In 1790 the owner of Schloss Berge raised to earldom. The former mansion was enlarged and turned into a castle in the style of early neo-classicism. Along with this the park was also expanded towards the West with an English landscape garden.

Seemingly random arrangements of trees and wild plants create scenic settings. A small bridge crosses a hidden channel, which forms the seamless border between garden and forest area. High trees in deepening green reflect on the dark water’s surface. An opening of fresh green male fern contrasts dark yew trees. Wild flowering arums with spotted leaves peek out of the ground and white hawthorn blossoms announce the beginning of May.


Schloss Berge is surrounded by a number of natural and artificial lakes. Visitors can enjoy themselves in one of the beer gardens, rent a pedal boat or simply enjoy a walk through the adjoining nature.

The 230 Years Old Camellia Tree of Pillnitz

The camellia in Pillnitz is around 230 years old and is considered the oldest camellia north of the Alps. It is almost 9 m high and 11 m in diameter. From February to April it is covered in carmine red flowers. During the cold season, the tree, which was planted at this place by court gardener Terscheck in 1801, is protected by a large glass house with stairs. During this time visitors can enter and view the tree from two levels.

In the mid 19th century Dresden became a European hot spot for the culture and breeding of camellias, and exported them to Russia as well as Italy and Spain. The camellia was viewed as a status symbol among European aristocrats, and Russians in particular, had a high demand for camellia flowers, which were exported in thousands to St. Petersburg and Moscow.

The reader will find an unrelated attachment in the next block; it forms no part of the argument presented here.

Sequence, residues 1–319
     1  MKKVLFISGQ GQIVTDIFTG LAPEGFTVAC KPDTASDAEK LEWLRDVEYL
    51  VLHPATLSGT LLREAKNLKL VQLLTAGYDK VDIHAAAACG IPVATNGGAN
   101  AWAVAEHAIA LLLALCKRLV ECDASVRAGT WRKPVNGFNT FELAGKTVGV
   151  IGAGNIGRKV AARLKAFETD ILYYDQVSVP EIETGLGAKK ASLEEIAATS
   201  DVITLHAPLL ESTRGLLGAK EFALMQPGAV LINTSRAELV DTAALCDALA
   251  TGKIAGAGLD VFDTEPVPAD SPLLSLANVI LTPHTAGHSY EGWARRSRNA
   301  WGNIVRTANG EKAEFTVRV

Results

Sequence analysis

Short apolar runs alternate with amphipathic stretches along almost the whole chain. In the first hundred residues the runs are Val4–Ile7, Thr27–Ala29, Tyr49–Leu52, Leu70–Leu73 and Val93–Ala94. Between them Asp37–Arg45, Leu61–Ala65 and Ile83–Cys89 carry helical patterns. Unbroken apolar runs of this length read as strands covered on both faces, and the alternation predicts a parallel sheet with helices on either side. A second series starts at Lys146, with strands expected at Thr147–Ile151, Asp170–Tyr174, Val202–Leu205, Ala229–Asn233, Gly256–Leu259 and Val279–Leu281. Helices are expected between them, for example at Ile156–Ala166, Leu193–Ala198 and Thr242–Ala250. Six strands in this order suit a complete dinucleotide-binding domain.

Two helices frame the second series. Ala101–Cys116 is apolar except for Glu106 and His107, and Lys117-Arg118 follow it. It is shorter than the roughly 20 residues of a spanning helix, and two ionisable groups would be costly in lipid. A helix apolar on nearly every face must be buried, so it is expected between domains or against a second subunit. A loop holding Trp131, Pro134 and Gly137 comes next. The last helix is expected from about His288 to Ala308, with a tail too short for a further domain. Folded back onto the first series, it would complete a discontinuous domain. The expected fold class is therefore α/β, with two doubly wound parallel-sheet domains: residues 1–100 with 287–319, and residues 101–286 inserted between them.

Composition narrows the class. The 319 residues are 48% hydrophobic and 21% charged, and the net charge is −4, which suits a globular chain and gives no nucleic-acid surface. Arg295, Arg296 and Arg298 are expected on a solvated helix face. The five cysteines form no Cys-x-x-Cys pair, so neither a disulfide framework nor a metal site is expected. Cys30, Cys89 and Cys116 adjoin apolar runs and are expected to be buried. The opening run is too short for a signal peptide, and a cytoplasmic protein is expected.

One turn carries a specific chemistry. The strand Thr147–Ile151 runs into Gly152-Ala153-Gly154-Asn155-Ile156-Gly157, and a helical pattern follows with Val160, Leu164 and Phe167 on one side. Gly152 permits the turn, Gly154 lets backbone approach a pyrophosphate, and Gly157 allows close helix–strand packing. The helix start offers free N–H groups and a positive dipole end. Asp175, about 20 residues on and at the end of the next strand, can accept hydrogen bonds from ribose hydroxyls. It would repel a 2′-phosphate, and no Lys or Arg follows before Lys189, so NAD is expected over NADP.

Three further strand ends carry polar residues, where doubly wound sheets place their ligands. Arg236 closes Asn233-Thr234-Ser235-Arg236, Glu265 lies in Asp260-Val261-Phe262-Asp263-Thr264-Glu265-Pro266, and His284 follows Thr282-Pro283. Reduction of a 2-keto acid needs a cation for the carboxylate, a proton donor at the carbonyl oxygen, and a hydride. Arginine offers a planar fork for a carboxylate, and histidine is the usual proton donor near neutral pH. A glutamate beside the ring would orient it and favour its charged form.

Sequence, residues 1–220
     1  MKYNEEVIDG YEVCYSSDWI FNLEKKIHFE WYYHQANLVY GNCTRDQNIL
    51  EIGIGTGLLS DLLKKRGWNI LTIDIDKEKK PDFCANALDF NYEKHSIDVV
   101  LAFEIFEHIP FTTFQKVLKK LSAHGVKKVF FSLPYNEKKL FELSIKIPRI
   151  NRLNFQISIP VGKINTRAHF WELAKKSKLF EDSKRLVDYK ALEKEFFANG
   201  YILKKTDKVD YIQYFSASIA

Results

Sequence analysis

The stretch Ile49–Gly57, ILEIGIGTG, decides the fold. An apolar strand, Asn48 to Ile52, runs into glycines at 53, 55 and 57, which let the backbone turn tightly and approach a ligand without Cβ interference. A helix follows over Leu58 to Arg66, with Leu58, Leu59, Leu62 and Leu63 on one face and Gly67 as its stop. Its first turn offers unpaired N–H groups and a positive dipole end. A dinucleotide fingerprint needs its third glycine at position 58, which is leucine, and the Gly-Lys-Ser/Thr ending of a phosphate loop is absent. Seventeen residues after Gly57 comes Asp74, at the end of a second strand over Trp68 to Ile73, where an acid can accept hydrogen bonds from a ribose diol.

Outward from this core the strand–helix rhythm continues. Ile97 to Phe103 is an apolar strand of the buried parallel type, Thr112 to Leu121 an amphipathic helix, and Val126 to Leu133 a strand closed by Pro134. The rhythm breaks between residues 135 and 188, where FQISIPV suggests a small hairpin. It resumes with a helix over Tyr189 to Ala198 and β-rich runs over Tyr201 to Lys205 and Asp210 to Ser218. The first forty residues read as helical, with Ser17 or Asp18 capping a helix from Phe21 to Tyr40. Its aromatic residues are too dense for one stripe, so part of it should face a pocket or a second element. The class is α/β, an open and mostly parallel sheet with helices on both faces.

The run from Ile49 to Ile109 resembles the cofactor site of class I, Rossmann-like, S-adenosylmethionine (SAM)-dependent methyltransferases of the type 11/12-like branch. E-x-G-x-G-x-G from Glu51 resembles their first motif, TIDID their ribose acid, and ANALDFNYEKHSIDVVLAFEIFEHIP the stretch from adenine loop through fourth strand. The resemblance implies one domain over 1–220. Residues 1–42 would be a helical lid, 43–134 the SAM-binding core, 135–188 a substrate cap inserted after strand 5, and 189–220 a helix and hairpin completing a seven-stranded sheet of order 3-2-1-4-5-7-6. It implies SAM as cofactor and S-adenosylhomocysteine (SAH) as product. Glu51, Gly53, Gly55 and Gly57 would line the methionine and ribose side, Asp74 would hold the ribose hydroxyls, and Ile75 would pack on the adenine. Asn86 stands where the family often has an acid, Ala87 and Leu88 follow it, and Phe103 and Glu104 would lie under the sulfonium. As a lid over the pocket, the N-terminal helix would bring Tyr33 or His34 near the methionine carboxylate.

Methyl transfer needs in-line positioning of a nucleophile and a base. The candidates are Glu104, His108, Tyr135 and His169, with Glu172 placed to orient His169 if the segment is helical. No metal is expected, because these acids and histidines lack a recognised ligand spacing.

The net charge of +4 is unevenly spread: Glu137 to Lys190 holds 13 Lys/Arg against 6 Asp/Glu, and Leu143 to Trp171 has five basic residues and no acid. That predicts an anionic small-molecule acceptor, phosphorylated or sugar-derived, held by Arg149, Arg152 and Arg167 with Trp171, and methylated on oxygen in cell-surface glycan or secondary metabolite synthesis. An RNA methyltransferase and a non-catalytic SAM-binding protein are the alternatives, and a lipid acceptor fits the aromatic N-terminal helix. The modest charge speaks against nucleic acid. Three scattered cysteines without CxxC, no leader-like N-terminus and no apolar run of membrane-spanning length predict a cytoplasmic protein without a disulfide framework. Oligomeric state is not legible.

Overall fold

With growing popularity among Westerners, and contrary to its Far Eastern symbolism, the meaning of the camellia  flower changed. Thanks to popular literature, most prominently La dame aux camélias by Alexandre Dumas from 1848, as well as real life personae, such as the “Wiener Cameliendame”, a dancer named Fanny Elßler, the camellia became erotizised!

On the other hand the longevity of the flowers, and particularly white camellia flowers, became associated with death and mourning and were woven into funeral wreaths.

The seeds of all known (about 200) camellia seeds yield a valuable oil, which smoothes the hair and juvenates the skin. The oil is rich in linolenic acid, and is also used in cooking and reduces cholesterine. Samurai rubbed camellia oil unto their sword blades to protect them from rust. The oil is also used as a natural surface finish for wood, as lube in watches and precision engineering and more.

Camellia wood is hard and durable and was used in the manufacture of weapons, different tools as well as kokeshi dolls. Up to the Edo period, a camellia rod was used in Buddhist ceremony to punish and drive out malign spirits. The wood also yielded a spark-free and, hence sought after charcoal.

Camellias are highly resistant against diseases and may contain different antibacterial and fungicidal agents.

Besides, the first Westerner to portrait a camellia flower was likely a Saxon gardener by the name George Meister. His book “Der Orientalisch-Indianische Kunst- und Lust-Gärtner” was published in 1692 in Dresden. In it he describes both the camellia as well as its crop plant, Camellia sinensis var. sinensis – the tea shrub!